Who Killed Santa Claus?
It was midnight on Christmas eve when the maintenance staff of Mumble’s came to work in the deserted department store.
When they arrived at the North Pole display, they discovered every child’s worst nightmare—the lifeless body of Santa Claus. He was in a storage room, his head bashed in by the butt end of a (point) 44 revolver.
Santa’s off duty name was Dolph Trinkle. “That’s Dolph’s revolver,” the manager informed the police. “He started carrying it after a six-year-old pulled a knife on him.” “Do you know anyone who would want to see Dolph dead—besides the six-year old?”
The manager cleared his throat. “Santa’s been having a lot of fights with his elves. I know three elves who’d threatened to kill him.”
The detective had the murder weapon bagged. Then he placed it on the center of the interview table, right where the suspects would be forced to look at it. “Dolph Trinkle has been murdered,” he informed each elf. “What do you know about it?”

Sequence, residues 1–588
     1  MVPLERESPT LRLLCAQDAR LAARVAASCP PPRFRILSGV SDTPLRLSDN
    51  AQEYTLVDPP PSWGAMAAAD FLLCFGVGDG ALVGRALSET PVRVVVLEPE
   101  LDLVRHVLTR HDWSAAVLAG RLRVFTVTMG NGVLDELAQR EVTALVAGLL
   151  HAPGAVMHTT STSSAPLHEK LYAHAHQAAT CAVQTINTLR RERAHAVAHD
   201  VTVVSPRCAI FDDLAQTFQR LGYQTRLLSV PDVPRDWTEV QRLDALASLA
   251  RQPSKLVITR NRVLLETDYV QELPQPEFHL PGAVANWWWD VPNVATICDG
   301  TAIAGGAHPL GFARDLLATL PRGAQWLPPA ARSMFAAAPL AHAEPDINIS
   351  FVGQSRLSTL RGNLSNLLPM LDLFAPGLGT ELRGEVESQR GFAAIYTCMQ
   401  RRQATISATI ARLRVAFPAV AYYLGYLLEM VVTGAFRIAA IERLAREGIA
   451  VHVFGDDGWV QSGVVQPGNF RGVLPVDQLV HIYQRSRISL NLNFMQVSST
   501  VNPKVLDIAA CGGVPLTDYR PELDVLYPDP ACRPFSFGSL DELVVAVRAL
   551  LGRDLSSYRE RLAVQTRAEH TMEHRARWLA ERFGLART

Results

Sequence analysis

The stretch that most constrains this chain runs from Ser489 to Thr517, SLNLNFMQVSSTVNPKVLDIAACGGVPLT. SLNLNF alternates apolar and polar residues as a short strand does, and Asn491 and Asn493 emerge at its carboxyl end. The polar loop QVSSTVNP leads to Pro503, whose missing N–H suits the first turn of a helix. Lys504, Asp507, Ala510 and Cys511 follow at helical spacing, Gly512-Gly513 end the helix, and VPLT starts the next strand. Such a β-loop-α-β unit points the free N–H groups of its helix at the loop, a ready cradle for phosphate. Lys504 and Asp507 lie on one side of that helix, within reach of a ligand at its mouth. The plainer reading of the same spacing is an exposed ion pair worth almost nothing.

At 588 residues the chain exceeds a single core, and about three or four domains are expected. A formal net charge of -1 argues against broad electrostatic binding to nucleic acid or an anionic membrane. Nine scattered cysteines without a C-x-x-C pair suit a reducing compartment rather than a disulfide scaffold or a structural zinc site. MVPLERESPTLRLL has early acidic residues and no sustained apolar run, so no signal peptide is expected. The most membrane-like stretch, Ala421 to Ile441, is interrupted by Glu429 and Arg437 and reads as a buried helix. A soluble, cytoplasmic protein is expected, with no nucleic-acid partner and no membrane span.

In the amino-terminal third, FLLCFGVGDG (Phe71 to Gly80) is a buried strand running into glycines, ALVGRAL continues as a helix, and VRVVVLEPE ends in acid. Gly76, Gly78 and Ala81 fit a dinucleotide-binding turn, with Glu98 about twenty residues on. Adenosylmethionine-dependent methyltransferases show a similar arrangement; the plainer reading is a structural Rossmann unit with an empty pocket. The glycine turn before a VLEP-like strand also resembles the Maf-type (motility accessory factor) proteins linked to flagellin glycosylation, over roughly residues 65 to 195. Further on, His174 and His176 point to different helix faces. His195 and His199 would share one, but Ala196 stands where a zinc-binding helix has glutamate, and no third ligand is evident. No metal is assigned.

Joe Winters shivered and couldn’t stop staring at the gun. “I know nothing. Some of the guys had trouble with Dolph. But he was always nice to me. I left the store at nine, right when it closed. I was too tired to change, so I wore my costume home. No one said a word on the subway.”
“Dolph was a pig,” snarled Sam Petrie, the second elf. “If he pushed me too far, I wouldn’t smash his head in. I’d sue. What’s the use of a dead Santa when a live one can be made to pay?”
Robert Goldstein was the smallest elf. On hearing the news, he burst into tears. ‘Last week, Dolph started a fight. He said I was too slow bringing in the kids. He slapped me on the head and called me all sorts of names. But I didn’t kill him.”
The detective called in his assistant. “Well, we have our killer,” he said with a smile. “All I had to do was use a little psychology.”
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